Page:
US embassies face increasing risk from climate change, says government watchdog

State Department staff working at embassies and consulates around the world face heightened security risks from weather disasters, particularly in countries ravaged by storms, heat and drought, federal watchdogs say.

Investigators with the Government Accountability Office found that the risk to “diplomatic assets” is increasing in many of the nearly 300 State Department positions in 180 countries. More than half of the highest risk facilities are in East Asia and the Pacific.

“According to the State, the increasing number and severity of natural hazards due to climate change increase the risk of damage to … overseas locations (posts) and real property, including office buildings, support facilities, and the residences of the staff that make up these posts,” the GAO researchers found.

GAO is an independent agency that works for Congress.

The embassy facing the greatest climate risk, according to the report, is in Manila, Philippines, where the State Department employs approximately 300 US foreign service officers at a sprawling compound on Manila Bay. The embassy has flooded twice in the past decade, first from a 2012 typhoon and most recently from extreme rainfall last August, the GAO said.

In all, 32 embassies were placed in the highest climate disaster risk category, from Apia, Samoa, to Valletta, Malta. Others include some of the State Department’s largest and most strategic embassies, such as Beijing, Baghdad and Mexico City.

The US embassy in Iraq is one of six in the Middle East facing the greatest risk. Cairo, Egypt is also among the most vulnerable to extreme weather events.

The GAO report examined seven types of weather disasters: tsunamis, extreme heat, extreme wind, coastal flooding, riverine flooding, landslides, and water security. The office also assessed the risk of earthquakes, which are not considered weather disasters. Between 2021 and 2035, the number of overseas State Department facilities affected by extreme heat could more than double, according to the report.

The researchers assigned risk scores to 294 embassies, consulates and other facilities with a combined property value of about $70 billion, the GAO said. The scores were derived from risk assessments recently completed by the Department of State’s Office of Overseas Building Operations (OBO) to comply with President Joe Biden’s 2021 executive order for a whole-of-government assessment of the risks of the climate change for national security.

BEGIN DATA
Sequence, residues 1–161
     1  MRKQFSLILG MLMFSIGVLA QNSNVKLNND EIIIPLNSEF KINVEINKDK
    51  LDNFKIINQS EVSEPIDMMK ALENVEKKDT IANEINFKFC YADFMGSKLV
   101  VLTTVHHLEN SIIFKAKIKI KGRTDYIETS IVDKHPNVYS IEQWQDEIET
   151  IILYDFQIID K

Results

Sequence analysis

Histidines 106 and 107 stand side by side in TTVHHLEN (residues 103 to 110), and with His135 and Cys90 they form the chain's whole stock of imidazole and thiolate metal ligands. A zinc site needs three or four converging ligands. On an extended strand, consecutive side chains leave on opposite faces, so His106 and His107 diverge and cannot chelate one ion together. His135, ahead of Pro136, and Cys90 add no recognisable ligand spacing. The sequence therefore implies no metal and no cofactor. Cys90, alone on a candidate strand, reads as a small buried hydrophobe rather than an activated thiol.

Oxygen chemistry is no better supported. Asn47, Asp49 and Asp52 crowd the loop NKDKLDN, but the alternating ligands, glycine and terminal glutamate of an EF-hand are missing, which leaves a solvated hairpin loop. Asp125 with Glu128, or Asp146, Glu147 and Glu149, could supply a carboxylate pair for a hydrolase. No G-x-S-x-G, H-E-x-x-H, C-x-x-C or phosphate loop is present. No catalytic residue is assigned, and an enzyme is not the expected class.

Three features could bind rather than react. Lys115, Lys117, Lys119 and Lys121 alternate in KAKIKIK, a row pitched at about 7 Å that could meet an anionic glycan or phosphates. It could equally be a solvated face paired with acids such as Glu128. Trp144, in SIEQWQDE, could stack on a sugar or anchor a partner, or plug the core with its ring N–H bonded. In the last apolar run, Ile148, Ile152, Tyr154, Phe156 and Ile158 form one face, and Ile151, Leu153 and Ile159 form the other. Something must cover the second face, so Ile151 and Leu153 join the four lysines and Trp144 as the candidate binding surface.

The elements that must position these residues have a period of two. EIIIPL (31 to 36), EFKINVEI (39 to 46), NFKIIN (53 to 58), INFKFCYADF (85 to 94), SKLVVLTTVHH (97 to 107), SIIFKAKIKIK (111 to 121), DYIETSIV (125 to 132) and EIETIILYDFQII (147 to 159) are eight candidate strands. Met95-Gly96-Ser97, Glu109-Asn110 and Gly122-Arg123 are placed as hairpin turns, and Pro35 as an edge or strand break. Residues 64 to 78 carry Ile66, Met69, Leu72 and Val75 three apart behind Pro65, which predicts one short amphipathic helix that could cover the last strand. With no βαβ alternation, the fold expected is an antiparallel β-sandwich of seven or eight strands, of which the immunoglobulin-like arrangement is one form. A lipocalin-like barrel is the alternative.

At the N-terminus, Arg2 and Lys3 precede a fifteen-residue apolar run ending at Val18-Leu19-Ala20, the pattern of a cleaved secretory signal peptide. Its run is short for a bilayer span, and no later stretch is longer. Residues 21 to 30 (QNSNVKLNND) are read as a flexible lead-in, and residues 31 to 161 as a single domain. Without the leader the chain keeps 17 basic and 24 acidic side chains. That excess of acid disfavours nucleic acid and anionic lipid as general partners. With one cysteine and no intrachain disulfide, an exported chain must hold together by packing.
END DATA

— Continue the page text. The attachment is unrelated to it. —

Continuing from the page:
“OBO has the lead role in site acquisition, design, construction, operation and maintenance of embassies, consulates, staff housing, and support facilities that comprise US diplomatic posts,” the statement said. report.

According to the agency, a typical embassy compound is located in an urban area on a site of approximately 10 acres. Often, US staff housing is located near or even on embassy grounds due to security concerns.

The GAO said vulnerability factors can be specific to an embassy or consulate, including the age and condition of facilities and the ease of evacuation during a hazard, or nationwide, such as the adequacy of a country or region, the availability of clean water and sanitation, and access to health care.

In an official response, the State Department asked the GAO to provide “proposed regional observations, interpretations, and conclusions” in the report to help inform the “anticipated growth trajectory and necessary resources” for the climate security and resiliency program. from OBO.

Reprinted from E&E News with permission of POLITICO, LLC. Copyright 2022. E&E News provides essential news for energy and environmental professionals.

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